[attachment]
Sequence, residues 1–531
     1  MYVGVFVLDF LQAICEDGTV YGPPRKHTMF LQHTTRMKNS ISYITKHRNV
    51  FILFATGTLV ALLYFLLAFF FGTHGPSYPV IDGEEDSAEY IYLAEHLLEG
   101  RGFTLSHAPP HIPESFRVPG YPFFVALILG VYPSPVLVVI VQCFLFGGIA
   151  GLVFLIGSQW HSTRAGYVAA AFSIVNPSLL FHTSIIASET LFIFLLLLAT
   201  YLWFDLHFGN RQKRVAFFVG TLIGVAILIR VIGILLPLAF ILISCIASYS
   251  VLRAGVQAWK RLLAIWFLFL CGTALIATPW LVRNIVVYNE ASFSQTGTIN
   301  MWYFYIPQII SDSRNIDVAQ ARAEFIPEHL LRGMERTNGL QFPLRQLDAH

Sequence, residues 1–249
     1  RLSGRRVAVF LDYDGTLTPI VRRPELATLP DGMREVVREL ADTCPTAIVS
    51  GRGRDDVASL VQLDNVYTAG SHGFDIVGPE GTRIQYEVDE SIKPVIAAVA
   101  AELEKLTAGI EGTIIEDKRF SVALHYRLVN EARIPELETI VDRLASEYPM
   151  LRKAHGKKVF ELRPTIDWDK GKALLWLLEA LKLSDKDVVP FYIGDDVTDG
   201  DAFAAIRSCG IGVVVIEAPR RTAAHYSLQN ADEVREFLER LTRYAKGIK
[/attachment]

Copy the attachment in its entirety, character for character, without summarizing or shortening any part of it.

Sequence, residues 1–531
     1  MYVGVFVLDF LQAICEDGTV YGPPRKHTMF LQHTTRMKNS ISYITKHRNV
    51  FILFATGTLV ALLYFLLAFF FGTHGPSYPV IDGEEDSAEY IYLAEHLLEG
   101  RGFTLSHAPP HIPESFRVPG YPFFVALILG VYPSPVLVVI VQCFLFGGIA
   151  GLVFLIGSQW HSTRAGYVAA AFSIVNPSLL FHTSIIASET LFIFLLLLAT
   201  YLWFDLHFGN RQKRVAFFVG TLIGVAILIR VIGILLPLAF ILISCIASYS
   251  VLRAGVQAWK RLLAIWFLFL CGTALIATPW LVRNIVVYNE ASFSQTGTIN
   301  MWYFYIPQII SDSRNIDVAQ ARAEFIPEHL LRGMERTNGL QFPLRQLDAH

Sequence, residues 1–249
     1  RLSGRRVAVF LDYDGTLTPI VRRPELATLP DGMREVVREL ADTCPTAIVS
    51  GRGRDDVASL VQLDNVYTAG SHGFDIVGPE GTRIQYEVDE SIKPVIAAVA
   101  AELEKLTAGI EGTIIEDKRF SVALHYRLVN EARIPELETI VDRLASEYPM
   151  LRKAHGKKVF ELRPTIDWDK GKALLWLLEA LKLSDKDVVP FYIGDDVTDG
   201  DAFAAIRSCG IGVVVIEAPR RTAAHYSLQN ADEVREFLER LTRYAKGIK